Whereas the above-described display provides a positive means for indicating to the pilot his commanded, as well as actual flight path angle, further research in the development of a suitable display configuration for the velocity control wheel steering system has indicated that a single symbol containing the pertinent information of both γ and γC is desirable. Such a single symbol would reduce the number of symbols presented to the pilot, thus tending to unclutter the display to the pilot, as well as preventing the possibility of the pilot confusing the actual flight path indicator with the commanded flight path indicator, and inadvertenly deviating from a desired flight course.
It is desirable, therefore, to provide an indicator system for use with a velocity control wheel steering system, which indicator system incorporates the pertinent information of the actual flight path angle γ and the commanded flight path angle γC into a single symbol.
Briefly, according to the invention, a method for producing a flight path angle display for an aircraft comprises the first step of providing an aircraft flight control steering system which has a predetermined response lag τ to a command input, this time lag being independent of flight conditions. A signal γ is provided representative of the aircraft's flight path angle. A signal ΔγD is produced, which signal has a predetermined relationship to the response lag τ and to a flight path angle command. A synthesized signal γSYNT is produced, where:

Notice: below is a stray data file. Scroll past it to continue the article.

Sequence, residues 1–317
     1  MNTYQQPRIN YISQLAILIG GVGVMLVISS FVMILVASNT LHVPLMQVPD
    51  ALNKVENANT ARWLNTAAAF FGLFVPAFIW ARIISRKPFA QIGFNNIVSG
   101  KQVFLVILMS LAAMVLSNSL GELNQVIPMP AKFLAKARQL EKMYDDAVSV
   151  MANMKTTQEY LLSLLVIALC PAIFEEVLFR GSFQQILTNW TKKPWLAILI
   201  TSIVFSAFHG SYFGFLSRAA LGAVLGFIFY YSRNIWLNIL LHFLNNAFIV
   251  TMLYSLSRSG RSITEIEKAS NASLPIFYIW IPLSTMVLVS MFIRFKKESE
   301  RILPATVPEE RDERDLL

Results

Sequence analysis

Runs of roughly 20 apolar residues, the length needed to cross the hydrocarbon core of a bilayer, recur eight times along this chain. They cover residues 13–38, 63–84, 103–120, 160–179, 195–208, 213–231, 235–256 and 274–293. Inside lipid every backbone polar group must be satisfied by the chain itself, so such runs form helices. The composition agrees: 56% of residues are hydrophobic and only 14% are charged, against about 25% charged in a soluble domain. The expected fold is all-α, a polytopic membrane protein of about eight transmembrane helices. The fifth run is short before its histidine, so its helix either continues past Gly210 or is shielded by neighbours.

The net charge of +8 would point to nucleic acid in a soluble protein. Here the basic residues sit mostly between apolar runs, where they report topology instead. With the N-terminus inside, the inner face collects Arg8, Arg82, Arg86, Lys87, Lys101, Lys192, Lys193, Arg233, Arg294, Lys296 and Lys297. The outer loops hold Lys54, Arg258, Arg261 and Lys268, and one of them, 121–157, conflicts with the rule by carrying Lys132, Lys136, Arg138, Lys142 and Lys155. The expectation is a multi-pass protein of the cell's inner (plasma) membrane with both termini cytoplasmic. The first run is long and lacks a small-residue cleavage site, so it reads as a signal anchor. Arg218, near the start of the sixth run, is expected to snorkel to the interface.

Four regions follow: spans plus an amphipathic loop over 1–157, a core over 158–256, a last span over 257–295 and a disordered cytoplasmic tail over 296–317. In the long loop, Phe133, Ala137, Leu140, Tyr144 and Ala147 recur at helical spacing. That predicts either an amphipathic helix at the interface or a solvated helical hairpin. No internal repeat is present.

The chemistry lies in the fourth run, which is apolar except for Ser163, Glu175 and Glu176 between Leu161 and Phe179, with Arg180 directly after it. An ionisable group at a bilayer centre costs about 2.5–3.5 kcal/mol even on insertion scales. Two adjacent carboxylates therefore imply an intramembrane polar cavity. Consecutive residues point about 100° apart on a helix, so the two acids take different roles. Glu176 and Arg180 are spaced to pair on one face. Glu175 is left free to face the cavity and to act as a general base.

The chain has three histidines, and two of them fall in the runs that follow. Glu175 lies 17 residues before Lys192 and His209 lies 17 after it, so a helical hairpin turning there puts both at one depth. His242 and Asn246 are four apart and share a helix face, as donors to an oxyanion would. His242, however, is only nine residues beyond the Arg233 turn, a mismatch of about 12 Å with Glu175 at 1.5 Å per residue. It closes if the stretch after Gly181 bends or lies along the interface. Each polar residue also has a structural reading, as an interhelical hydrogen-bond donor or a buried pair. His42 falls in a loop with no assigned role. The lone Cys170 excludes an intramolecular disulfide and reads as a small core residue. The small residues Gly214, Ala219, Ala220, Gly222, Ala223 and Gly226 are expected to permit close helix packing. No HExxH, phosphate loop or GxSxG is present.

The signal γSYNT is displayed to the pilot as the single symbol for aircraft flight path angle control.
An aircraft flight path control and display system includes control means responsive to a flight path command to automatically control the flight of the aircraft to the commanded path. The control means exhibits a time response lag τ between flight path command input and the response of the aircraft's actual flight path. This time lag τ is substantially independent of flight conditions. A means provides a signal γ representive of the aircraft's actual flight path angle. A signal ΔγD is produced, which signal is a predetermined function of the response lag τ and the first time derivative of the commanded flight path angle. A signal γSYNT is produced, where: